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Use of advance directives by South Australians: results from the Health Omnibus Survey Spring 2012

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Advance directives (ADs) have been championed as a remedy for providing evidence of the medical, financial, health care and lifestyle options a person would choose at a time when they may lack capacity for decision making.1 A review of the literature in this area found that these instruments can be useful, but are not widely used due to a variety of factors which inhibit their effectiveness.1,2 In Australia, barriers to effective completion of ADs include poor understanding and application of the different AD forms.2 There is a lack of actual published data on completion rates of specific types of ADs used in Australia.2 As primary care involves assessing individuals at increased risk of chronic diseases and hospital care, low rates of completion of ADs in particular age or other demographic groups may suggest the potential for AD completion initiatives led by general practitioners. This would, in turn, lead to better outcomes from a primary health care, patient management and family carer perspective.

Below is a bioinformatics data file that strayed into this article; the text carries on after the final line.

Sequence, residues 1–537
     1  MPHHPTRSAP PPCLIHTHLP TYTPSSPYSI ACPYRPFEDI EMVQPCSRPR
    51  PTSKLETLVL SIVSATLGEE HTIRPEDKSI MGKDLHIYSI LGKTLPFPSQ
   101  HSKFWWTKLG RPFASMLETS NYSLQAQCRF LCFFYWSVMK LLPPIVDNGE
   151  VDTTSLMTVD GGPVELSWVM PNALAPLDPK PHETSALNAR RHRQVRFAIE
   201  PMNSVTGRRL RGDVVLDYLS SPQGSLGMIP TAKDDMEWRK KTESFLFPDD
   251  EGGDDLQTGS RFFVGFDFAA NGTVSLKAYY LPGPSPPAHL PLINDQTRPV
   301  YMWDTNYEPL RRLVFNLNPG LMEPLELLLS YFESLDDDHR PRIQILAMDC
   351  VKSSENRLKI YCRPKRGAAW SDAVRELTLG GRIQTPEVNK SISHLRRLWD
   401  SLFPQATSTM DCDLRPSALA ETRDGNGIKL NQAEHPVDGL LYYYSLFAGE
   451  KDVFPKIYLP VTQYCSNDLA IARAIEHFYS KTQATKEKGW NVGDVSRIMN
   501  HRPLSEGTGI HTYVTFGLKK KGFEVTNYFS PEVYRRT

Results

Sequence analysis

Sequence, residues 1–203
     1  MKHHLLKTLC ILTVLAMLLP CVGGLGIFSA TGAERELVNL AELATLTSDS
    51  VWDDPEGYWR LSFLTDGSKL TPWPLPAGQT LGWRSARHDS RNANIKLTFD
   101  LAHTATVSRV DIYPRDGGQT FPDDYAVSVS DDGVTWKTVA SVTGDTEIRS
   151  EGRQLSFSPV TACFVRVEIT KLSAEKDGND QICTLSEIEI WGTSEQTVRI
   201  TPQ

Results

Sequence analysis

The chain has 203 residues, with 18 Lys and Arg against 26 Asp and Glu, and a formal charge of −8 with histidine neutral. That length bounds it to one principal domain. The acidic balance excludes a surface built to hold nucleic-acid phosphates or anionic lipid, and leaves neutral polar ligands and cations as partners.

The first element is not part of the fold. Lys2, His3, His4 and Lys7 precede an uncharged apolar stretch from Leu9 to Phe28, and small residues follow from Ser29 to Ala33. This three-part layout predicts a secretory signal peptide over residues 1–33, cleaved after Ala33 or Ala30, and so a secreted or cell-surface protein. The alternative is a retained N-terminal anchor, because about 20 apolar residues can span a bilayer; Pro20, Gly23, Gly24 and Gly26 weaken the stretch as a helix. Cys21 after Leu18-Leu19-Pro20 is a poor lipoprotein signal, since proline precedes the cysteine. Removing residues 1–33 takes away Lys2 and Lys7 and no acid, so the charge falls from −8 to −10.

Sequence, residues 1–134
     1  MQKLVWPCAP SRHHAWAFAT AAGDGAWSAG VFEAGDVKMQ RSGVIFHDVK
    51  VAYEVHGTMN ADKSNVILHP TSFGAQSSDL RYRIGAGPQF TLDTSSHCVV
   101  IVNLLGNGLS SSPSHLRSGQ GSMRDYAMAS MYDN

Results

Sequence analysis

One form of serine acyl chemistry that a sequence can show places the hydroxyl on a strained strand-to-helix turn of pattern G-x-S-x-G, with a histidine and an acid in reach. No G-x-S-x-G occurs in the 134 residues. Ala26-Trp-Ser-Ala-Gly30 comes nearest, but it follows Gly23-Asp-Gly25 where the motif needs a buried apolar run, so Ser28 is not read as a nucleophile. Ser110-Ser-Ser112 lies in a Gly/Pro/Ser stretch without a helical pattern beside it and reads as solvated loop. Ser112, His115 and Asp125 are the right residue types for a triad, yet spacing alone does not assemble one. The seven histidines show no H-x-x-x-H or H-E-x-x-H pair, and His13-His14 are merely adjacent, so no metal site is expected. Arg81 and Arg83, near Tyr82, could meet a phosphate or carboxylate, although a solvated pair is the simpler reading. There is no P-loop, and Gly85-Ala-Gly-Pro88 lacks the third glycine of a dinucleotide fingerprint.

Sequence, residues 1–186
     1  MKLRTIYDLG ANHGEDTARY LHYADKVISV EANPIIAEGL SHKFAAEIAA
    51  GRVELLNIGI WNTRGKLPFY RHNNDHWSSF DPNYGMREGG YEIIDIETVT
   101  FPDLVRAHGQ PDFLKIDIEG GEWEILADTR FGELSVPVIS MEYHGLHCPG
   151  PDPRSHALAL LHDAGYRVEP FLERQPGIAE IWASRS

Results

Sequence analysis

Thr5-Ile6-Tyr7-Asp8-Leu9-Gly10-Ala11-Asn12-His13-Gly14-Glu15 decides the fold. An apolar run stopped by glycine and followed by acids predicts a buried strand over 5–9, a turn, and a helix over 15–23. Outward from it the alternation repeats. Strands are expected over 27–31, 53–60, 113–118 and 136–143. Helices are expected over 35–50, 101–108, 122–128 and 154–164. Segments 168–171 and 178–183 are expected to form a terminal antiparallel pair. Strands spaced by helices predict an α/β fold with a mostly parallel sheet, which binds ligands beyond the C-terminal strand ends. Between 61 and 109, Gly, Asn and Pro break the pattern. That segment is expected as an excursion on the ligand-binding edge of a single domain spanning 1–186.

The aim of this study was to determine the proportion of South Australians who have completed the medical, financial, health care or lifestyle ADs in South Australia and/or a will (an instrument often believed to be an AD2). Demographic…